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Active listening requires more of both parties than any other kind of listening, as it requires people to be fully engaged in the process. Listening, asking questions, clarifying information, and taking notes are all ways to practice active listening.
Active listening is a critical component in effective communication between any two groups or individuals for the following reasons (as cited in the eNotes link on listening, attached below):
- Listening enables us to gain important information.
- Listening enables us to be more effective in interpreting a message.
- Listening enables us to gather data to make sound decisions.
- Listening enables us to respond appropriately to the messages we hear.
Specifically, if communication between leaders/management and employees is weak or ineffective the organization is likely to be weak and ineffective, as well.
Active listening requires both parties to be engaged in the communication process; if one or both parties is inattentive or disengaged, the information-gathering and decision-making process is compromised. For example, if a manager is communicating some new company policies but one or more of the employees is not paying full attention, consistency in procedures and outcomes in the workplace is unlikely. The result of that can be a loss of revenue which ultimately means lost jobs.
Active listening is also essential to problem-solving in any organization. The ability to really hear and identify a problem leads to the potential to solve it. On the other hand, incomplete or inaccurate information due to inattentive listening can result in unresolved problems. This, in turn, can lead to resentment and dissatisfaction in employees, in management, and in customers.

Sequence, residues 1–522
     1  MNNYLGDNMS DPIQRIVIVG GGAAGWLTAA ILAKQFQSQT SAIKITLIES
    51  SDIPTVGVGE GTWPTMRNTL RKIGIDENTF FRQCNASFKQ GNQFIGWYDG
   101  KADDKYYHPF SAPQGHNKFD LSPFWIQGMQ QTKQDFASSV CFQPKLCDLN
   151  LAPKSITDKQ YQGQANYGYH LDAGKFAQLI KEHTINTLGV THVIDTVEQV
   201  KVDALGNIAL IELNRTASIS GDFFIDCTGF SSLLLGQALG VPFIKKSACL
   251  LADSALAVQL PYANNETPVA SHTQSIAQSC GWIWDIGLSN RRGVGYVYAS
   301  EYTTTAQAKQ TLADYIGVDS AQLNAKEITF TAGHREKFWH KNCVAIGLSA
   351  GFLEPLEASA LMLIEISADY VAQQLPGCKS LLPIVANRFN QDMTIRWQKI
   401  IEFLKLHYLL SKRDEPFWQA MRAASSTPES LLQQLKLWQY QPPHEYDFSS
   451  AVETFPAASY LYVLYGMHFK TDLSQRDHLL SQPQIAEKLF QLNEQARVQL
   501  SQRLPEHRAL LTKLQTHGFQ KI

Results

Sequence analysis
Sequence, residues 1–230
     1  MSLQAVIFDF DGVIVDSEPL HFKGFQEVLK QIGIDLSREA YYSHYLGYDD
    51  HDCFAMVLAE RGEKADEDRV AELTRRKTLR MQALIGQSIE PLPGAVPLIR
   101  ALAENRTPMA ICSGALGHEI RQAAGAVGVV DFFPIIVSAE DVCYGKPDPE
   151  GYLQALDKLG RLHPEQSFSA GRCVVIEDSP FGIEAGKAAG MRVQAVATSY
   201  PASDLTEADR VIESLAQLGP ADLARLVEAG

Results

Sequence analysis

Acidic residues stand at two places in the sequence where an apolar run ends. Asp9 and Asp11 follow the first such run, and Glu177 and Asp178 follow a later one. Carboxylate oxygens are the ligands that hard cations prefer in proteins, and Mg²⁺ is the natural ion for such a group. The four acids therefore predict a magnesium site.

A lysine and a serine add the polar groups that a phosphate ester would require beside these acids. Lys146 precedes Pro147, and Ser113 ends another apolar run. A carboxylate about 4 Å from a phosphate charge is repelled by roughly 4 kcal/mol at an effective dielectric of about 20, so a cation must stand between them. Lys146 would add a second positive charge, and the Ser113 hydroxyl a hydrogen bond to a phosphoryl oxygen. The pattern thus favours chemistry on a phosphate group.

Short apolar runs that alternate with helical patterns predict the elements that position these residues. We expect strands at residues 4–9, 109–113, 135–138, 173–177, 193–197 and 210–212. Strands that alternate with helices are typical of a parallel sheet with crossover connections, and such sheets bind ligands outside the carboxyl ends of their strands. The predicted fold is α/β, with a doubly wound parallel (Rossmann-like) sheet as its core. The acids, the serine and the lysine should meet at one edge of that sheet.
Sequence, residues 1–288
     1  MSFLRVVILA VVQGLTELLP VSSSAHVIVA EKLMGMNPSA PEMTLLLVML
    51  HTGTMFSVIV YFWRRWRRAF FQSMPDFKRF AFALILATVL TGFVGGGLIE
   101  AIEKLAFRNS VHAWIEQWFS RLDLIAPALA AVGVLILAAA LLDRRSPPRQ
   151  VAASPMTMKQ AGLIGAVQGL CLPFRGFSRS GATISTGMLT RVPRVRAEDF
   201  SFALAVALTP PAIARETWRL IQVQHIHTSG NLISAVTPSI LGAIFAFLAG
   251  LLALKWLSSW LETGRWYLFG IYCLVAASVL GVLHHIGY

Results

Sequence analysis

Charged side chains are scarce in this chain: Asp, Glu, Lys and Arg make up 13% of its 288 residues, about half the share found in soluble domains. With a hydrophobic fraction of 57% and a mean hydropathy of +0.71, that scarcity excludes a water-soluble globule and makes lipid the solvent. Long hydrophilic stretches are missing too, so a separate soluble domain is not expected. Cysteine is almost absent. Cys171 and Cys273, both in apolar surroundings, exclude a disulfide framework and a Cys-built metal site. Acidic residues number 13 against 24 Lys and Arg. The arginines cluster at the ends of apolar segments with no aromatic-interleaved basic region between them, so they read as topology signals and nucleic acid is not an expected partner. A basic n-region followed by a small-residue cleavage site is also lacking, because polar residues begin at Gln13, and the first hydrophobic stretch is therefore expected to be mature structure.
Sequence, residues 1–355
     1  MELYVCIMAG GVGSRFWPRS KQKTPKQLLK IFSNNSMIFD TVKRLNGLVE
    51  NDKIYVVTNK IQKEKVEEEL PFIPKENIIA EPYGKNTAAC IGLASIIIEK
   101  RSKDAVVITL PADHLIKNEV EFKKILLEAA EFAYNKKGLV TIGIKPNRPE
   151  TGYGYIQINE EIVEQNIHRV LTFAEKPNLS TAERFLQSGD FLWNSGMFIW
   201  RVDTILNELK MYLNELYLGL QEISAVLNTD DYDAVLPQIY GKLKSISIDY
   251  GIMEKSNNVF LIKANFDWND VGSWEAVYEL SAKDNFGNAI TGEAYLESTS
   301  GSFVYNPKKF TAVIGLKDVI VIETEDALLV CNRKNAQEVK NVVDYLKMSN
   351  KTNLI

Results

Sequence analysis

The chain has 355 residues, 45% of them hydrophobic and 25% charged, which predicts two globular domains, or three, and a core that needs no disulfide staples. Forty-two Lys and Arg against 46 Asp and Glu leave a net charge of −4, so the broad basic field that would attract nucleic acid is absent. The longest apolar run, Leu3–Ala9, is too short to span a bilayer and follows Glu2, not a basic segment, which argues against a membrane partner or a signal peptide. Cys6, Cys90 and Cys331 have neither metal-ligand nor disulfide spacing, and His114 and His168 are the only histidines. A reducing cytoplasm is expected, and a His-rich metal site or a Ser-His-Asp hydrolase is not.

Active listening is the quickest way to identify and correct areas which need improvement, as well. Without that skill, the problems and weaknesses can worsen; but at the least it is certain they will not improve without the kind of constructive interaction which occurs during active listening.
In short, more information is better than less, and active listening is the best way to gather more information in order to effect change. Just as important, however, is the perception, at least, of being an active participant in the communication process. Body language is telling, as are eye contact and being responsive to others in a communication circumstance.
The attached site below also outlines some useful hints to improve active listening skills.
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